A sample text widget

Etiam pulvinar consectetur dolor sed malesuada. Ut convallis euismod dolor nec pretium. Nunc ut tristique massa.

Nam sodales mi vitae dolor ullamcorper et vulputate enim accumsan. Morbi orci magna, tincidunt vitae molestie nec, molestie at mi. Nulla nulla lorem, suscipit in posuere in, interdum non magna.

Don’t wait for electric vehicle infrastructure, you (probably) don’t need it

When fewer than 10% of cars in Sydney travel more than 100 km, do we need charging infrastructure? fa f c c/Flickr

Fast charging stations and battery swap stations are often proposed as being necessary infrastructure for electric cars. But do we need to wait for this infrastructure before we swap our petrol and diesel cars for the latest electric models? Aren’t electric cars just shifting emissions from exhaust pipes to power stations?

Electric cars do not have anything like the range of conventional cars, some of which will go “more than 1000 km on a tank” (though this claim often says as much about the size of the tank as it does about the efficiency of the car). My petrol car warns me that it is empty when it has 100 km range remaining; this is almost as much as the “full” range of some electric cars.

In advertising, cars are depicted cruising at high speed along endless outback highways, or climbing rugged mountain tracks through rainforests, then speeding along a beach at sunset. The reality is much less glamorous. Almost all Australians live in cities, and our cars travel short distances in traffic. In Sydney, fewer than 10% of cars travel more than 100 km per day. The median distance travelled each day is less than 35 kilometres. In the other capital cities, fewer than 5% of cars travel more than 100 kilometres per day.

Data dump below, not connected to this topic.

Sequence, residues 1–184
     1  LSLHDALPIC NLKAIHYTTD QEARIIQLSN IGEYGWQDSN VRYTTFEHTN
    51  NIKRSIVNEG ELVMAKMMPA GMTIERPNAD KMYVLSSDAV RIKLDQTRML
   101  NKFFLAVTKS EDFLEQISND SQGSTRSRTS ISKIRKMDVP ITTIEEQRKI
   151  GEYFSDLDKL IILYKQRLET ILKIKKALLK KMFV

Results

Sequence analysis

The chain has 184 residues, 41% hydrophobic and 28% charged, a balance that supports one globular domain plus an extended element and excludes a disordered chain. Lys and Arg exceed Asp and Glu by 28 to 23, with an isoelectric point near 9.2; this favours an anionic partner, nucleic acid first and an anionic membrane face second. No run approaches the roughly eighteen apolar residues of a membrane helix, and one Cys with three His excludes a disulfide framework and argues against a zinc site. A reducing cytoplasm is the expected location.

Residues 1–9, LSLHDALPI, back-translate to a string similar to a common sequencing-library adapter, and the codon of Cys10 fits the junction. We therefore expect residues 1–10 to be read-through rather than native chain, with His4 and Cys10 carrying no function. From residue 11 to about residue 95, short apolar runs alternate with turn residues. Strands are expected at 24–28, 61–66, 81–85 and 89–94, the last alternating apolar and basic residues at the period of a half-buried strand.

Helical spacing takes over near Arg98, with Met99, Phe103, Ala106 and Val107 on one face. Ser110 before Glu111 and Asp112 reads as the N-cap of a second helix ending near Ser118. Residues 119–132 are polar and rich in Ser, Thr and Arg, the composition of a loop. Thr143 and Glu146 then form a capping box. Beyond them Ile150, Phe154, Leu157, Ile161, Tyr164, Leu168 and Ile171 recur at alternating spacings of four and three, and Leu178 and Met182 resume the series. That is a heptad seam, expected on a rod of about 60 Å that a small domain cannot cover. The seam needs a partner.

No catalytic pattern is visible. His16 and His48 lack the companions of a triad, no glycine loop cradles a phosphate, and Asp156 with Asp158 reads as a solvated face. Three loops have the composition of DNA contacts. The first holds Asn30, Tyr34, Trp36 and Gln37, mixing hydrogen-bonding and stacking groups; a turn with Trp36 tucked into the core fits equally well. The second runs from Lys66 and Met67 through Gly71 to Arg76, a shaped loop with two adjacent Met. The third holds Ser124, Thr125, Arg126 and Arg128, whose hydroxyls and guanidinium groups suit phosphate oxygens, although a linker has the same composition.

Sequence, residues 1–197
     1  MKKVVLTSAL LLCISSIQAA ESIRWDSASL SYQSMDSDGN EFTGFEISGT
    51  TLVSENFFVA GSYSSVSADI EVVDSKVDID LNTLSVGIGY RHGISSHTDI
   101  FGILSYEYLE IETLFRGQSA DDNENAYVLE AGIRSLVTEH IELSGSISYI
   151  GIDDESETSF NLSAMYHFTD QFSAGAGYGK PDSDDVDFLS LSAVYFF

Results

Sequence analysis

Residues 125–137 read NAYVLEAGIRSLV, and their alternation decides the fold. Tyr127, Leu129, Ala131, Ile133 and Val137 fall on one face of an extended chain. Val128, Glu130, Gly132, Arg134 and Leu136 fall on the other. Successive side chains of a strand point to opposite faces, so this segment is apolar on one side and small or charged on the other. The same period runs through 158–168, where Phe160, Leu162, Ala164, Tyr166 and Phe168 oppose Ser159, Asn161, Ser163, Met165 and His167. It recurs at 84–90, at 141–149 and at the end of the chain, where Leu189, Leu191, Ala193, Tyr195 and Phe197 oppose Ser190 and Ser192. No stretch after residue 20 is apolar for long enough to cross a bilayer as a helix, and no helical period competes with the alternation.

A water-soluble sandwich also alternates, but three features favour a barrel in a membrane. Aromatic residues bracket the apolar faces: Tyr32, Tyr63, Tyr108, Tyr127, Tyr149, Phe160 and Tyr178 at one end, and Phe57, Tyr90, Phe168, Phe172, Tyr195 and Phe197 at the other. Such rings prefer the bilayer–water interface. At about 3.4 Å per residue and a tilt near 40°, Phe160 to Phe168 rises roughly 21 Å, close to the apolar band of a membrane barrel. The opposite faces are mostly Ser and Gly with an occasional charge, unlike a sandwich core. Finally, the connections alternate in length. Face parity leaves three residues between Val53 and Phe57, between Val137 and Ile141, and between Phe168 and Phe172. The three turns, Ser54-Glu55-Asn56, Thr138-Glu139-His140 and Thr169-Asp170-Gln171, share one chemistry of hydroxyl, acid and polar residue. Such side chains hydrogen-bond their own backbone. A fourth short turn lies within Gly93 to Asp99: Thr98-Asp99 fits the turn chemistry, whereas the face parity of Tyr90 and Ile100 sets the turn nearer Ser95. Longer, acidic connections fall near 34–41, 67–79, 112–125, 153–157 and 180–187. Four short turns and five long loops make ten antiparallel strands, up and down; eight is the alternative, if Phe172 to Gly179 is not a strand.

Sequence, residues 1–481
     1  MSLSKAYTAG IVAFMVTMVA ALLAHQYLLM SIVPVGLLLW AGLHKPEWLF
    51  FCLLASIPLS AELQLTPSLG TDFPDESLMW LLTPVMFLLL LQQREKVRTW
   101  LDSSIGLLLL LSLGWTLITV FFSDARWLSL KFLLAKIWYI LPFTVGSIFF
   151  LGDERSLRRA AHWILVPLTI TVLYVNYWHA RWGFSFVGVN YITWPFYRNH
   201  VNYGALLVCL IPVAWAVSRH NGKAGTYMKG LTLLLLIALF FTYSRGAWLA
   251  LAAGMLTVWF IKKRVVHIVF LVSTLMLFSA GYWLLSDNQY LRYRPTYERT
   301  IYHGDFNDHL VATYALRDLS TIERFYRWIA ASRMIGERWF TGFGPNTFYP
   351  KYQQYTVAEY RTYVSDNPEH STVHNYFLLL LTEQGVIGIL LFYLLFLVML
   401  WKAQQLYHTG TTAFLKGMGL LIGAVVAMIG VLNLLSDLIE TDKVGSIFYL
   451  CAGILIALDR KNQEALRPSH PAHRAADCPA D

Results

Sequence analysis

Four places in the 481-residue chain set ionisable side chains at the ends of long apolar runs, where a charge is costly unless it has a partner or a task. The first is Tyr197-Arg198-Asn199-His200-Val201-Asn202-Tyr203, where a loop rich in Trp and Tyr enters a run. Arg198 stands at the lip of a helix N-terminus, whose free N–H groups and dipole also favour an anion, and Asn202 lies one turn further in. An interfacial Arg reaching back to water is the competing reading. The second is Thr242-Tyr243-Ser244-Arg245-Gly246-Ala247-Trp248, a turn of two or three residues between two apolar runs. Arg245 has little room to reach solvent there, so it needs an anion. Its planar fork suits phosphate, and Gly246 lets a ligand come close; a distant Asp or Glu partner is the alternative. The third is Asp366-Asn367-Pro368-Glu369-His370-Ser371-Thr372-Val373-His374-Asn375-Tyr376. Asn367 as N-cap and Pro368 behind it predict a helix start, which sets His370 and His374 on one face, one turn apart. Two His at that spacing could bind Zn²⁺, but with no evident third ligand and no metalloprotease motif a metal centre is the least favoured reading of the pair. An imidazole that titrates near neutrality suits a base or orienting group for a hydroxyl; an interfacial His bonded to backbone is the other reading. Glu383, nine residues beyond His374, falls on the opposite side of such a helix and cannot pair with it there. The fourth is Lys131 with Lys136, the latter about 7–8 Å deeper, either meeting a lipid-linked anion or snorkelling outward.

If we are mostly travelling short distances, do we need a lot of public charging infrastructure? Early experience in the UK and Japan has shown that while EV owners value public charging infrastructure, most charging is done overnight at home.

There are three important reasons why home charging will be dominant:

cars are generally not used at night, and so this is the ideal time to charge
there is a greater availability of electricity at night, at potentially lower cost
a home charging station guarantees you somewhere to charge

The UK Government’s strategy for charging electric cars is:

most charging will occur at home, at night, off peak, using cheaper, lower-carbon electricity
workplaces will provide recharging facilities for their fleets, and for employees who cannot recharge at home
public infrastructure should target places where it is needed and is commercially viable.

Cars that rarely travel more than 100—150 km per day could be replaced with an electric car that is more suited to commuting in a city, and much more efficient than a car capable of towing a caravan across the country.


Leave a Reply